As an imperfect yet ever-evolving being, I try to maintain self-insight and look for ways in which I could improve. After all, I’m thoughtful and stuff. Don’t let me mislead you– most of the time, those things are usually along the line of less shampoo, more SPF. But occasionally, I like to go a little deeper than that. And I think these five tendencies are something I need to work on eradicating. Maybe you do, too.
Saying “sorry” when you really mean “excuse me.” How is (sometimes awkwardly) moving through and existing in shared space deserving of an apology?! Apologizing for one of those weird I thought you were going this way, no I’ll go that way moments is a strange and submissive habit that says, “I am not worthy of accidentally standing in your way for two whole seconds. Forgive me.” No. Stop it.
Forcing or avoiding small talk. Small talk is, admittedly, not my thing. Most of the time. Some days, I’m perfectly willing to engage in this kind of communication, and other times, I’m just not in the mood. Both of these things are okay. There are mornings at work where I’ll happily chat with a co-worker about our weekends, and the very next day, I might not have more than a friendly “hello” for the same person. That’s fine– I don’t think you need to force conversation every time you’re faced with someone. (I’ve done that, too, and wanted to smack myself when I mumbled something incoherent for the sake of making noise at someone.) There are those who will ALWAYS want to chat, in which case it’s perfectly acceptable to keep your responses light and short. Not everyone is good at small talk, and not everyone likes it. But in professional situations especially, it’s important to maintain a friendly air about you, even if you have nothing to contribute besides a smile.
Giving a wishy-washy RSVP. As an introvert who doesn’t want to hurt anyone’s feelings, I am very guilty of this. Someone you don’t know very well invites you to a party where you won’t know anyone, a friend you haven’t seen in awhile calls you up last-minute for a get-together, or a buddy wants to go to a bar that you HATE. These are all circumstances where it’s okay to very clearly say, “No, thanks!” or, “Sorry, I can’t make it.” Sounds incredibly simple, yet many people make it so much more difficult than that. Not everyone is good at the whole Facebook invite thing– we shouldn’t assume everyone’s lives revolve around it– but otherwise, responding with, “Mayyybeee… I’ll let you know!” when you are already dead-set on not attending is just plain flaky. Of course, if you say no all the time, people will stop inviting you. I do think it’s good to go out of your comfort zone every now and then, or offer an alternative plan. But saying “no” on occasion so you can stay home and drink boxed wine? Totally okay.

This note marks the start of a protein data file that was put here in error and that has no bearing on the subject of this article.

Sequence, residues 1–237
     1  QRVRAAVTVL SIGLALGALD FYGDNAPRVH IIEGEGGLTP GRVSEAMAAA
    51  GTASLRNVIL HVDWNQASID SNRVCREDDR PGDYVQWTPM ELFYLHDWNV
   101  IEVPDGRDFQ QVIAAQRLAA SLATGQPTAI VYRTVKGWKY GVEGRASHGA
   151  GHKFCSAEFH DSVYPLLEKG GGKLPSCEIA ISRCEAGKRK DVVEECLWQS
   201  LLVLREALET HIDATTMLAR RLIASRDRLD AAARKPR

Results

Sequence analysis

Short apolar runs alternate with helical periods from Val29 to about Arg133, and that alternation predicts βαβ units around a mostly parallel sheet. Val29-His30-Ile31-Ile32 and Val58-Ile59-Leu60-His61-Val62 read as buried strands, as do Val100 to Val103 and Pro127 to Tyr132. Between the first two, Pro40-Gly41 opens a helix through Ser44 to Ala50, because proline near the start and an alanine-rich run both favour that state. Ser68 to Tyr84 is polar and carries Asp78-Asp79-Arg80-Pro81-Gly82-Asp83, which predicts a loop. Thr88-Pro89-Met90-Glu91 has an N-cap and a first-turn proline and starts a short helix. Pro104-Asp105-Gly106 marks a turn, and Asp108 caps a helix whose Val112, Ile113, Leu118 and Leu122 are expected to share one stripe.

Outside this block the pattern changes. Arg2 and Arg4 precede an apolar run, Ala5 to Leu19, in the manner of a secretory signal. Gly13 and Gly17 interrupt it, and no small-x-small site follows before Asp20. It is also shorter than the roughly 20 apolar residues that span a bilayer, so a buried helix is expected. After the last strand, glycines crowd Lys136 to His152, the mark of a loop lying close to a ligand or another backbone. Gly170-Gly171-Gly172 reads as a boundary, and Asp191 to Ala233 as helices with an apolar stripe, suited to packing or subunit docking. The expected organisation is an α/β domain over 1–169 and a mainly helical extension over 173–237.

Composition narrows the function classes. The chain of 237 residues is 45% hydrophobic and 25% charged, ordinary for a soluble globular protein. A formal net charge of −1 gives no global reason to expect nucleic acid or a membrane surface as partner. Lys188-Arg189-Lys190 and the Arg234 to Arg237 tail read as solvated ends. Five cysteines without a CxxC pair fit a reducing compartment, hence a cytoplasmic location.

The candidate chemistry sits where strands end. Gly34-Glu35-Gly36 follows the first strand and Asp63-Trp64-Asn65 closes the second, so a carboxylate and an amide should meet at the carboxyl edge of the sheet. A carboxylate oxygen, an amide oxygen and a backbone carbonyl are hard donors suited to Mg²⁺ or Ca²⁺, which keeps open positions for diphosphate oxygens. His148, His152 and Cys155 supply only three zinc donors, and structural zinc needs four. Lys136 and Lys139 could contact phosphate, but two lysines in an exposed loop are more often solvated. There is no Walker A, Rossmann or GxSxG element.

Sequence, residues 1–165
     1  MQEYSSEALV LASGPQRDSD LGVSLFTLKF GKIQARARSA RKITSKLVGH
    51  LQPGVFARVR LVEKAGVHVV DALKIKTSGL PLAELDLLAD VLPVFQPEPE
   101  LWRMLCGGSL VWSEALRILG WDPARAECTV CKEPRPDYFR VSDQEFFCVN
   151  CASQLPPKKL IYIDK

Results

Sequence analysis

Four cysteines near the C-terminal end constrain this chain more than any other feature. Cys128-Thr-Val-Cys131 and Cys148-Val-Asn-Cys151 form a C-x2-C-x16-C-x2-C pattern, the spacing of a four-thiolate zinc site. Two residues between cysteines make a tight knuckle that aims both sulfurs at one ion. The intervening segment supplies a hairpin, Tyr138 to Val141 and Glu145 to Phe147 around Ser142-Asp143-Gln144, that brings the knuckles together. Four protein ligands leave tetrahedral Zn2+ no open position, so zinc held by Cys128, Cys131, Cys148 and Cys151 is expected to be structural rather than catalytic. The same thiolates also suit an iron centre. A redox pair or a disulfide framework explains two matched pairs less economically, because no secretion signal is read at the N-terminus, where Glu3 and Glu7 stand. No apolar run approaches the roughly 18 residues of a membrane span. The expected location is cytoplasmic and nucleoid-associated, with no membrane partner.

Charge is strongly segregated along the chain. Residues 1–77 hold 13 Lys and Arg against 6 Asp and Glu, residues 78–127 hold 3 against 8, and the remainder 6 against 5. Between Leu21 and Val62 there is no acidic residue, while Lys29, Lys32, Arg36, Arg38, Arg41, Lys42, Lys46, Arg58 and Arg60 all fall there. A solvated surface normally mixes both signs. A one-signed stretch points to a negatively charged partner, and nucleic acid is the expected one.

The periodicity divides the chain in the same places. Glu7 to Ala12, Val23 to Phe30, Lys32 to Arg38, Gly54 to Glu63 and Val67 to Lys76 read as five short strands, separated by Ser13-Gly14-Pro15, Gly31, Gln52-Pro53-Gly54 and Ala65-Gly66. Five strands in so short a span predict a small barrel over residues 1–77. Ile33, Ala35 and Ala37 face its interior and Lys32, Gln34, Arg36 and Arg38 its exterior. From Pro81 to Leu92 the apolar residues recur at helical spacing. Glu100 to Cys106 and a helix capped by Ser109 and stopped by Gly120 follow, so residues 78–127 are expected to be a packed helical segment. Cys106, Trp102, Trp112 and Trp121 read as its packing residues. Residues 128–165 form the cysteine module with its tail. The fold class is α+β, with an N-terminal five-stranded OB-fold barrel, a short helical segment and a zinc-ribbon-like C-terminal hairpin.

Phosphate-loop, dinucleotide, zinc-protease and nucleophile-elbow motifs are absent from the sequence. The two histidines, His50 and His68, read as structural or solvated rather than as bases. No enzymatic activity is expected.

Deflecting, or rejecting, compliments. I’ve seen this piece of advice floating around inspirational la-dee-da blogs about self-love and embracing your inner hoo-ha a fair amount, but it’s worth repeating. Because people don’t just hand out compliments out of obligation. They have to go out of their way to pronounce extra syllables and exert a fair amount of air to tell you that you look great/did a good job/are super thoughtful. When you respond with self-deprecation or throw back a half-hearted “No, you!”, it’s like saying, “You’re wrong, and I actually really suck.” Uncomfortable for all parties involved.
Living in your own bubble, on repeat. So easy to do. So easy to fix. Take a different route to work. Do something OTHER than partying every weekend. Actually make eye contact (and say hello?!) to the people you pass in the hallway. This last one, I swear, is a dying form of civility. People my age looks at me like I’m nuts if I smile and say hello… even if we’re the only two people in a room. Anyone over 60? They’re the first to say, “Morning!” We need to bring that back.
What would you add to this list? Are you guilty of any of these offenses?